Dietary Supplements: Side Effects and Drug Interactions

Dietary supplements may seem safe or mild because they’re natural. Many think that something natural couldn’t hurt them.

Yet, serious side effects and drug interactions can occur when taking dietary supplements.

For example, supplements such as aloe vera, fenugreek, and vanadium may cause excessive bleeding during surgery or interact with anesthetics.

Other supplements may interfere with prescription medications. For example, ginseng may interfere with the drug warfarin’s ability to prevent blood clotting.

St. John’s wort, which people often take for depression, can interact with antidepressants, as well as many other prescription medications.

Your health care provider is the best resource for assessing the risks and benefits of taking a dietary supplement. He or she should know the potential side effects of supplements—and the risk for interactions with your other medications.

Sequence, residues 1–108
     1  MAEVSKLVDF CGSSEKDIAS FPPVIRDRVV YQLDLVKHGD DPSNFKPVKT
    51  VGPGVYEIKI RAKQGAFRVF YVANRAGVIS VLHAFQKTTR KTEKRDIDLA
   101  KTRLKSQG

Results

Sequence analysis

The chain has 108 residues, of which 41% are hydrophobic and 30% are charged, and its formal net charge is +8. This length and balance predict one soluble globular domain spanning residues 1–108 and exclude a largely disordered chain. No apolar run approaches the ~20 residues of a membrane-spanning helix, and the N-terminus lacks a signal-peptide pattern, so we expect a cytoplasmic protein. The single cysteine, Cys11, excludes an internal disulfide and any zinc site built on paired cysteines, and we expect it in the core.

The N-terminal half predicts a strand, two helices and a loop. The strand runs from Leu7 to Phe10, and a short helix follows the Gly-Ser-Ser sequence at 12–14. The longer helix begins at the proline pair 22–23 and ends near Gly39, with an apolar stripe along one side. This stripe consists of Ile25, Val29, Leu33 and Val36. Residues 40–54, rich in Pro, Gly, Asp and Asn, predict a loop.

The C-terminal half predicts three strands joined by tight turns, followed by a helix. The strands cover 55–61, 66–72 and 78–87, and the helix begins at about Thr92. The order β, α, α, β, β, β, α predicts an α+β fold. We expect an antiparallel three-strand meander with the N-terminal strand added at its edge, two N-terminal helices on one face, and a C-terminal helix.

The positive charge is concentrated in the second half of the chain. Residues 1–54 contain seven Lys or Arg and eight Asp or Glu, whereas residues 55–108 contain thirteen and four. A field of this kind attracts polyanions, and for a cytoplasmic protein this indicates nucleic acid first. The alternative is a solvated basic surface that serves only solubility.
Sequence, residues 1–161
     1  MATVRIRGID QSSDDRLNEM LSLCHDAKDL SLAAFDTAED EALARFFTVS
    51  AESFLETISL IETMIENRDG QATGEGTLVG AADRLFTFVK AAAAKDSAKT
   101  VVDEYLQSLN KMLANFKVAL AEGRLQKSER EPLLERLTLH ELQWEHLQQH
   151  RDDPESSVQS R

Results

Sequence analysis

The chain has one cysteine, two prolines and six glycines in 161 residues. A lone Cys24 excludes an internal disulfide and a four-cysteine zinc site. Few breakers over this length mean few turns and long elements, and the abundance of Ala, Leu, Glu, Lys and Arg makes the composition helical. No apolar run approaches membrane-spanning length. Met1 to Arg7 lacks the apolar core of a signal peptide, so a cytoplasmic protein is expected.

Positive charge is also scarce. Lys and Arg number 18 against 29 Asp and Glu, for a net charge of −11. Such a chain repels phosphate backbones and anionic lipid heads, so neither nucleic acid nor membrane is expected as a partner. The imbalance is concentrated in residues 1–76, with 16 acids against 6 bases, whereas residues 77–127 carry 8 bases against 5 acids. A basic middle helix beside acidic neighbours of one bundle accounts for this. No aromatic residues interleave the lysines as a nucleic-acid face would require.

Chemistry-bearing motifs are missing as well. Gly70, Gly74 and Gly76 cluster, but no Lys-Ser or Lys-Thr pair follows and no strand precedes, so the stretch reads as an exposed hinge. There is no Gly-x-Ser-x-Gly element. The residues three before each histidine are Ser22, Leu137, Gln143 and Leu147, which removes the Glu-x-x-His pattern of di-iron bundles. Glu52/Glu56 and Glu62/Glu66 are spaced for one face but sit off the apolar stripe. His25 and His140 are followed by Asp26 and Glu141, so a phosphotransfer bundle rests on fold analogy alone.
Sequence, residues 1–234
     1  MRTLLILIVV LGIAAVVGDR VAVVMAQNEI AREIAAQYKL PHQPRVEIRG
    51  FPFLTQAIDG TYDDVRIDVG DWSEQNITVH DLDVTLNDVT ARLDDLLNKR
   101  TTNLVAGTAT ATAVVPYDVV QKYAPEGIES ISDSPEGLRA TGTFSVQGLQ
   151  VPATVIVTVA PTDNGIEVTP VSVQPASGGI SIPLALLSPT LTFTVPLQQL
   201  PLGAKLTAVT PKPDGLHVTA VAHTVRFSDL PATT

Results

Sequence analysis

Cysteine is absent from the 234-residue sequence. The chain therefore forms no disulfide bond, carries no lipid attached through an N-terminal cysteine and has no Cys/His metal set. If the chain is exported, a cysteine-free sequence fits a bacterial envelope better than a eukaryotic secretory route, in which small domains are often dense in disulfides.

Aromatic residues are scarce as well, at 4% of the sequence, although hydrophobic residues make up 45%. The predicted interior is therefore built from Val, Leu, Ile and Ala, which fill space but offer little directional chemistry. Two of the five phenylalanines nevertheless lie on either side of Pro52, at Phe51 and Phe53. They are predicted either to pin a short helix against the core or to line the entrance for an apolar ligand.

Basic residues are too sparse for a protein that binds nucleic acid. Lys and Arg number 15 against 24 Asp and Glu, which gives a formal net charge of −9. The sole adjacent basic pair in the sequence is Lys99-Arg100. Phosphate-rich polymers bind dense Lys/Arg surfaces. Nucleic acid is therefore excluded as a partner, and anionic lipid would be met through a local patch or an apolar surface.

Next: Talking to Your Health Care Provider

This material is adapted from The American Diabetes Association Guide to Herbs & Nutritional Supplements, written by Laura Shane-McWhorter, PharmD, BCPS, FASCP, BC-ADM, CDE, and published by the American Diabetes Association, ©2009.

  • Last Reviewed: February 20, 2014
  • Last Edited: May 14, 2014

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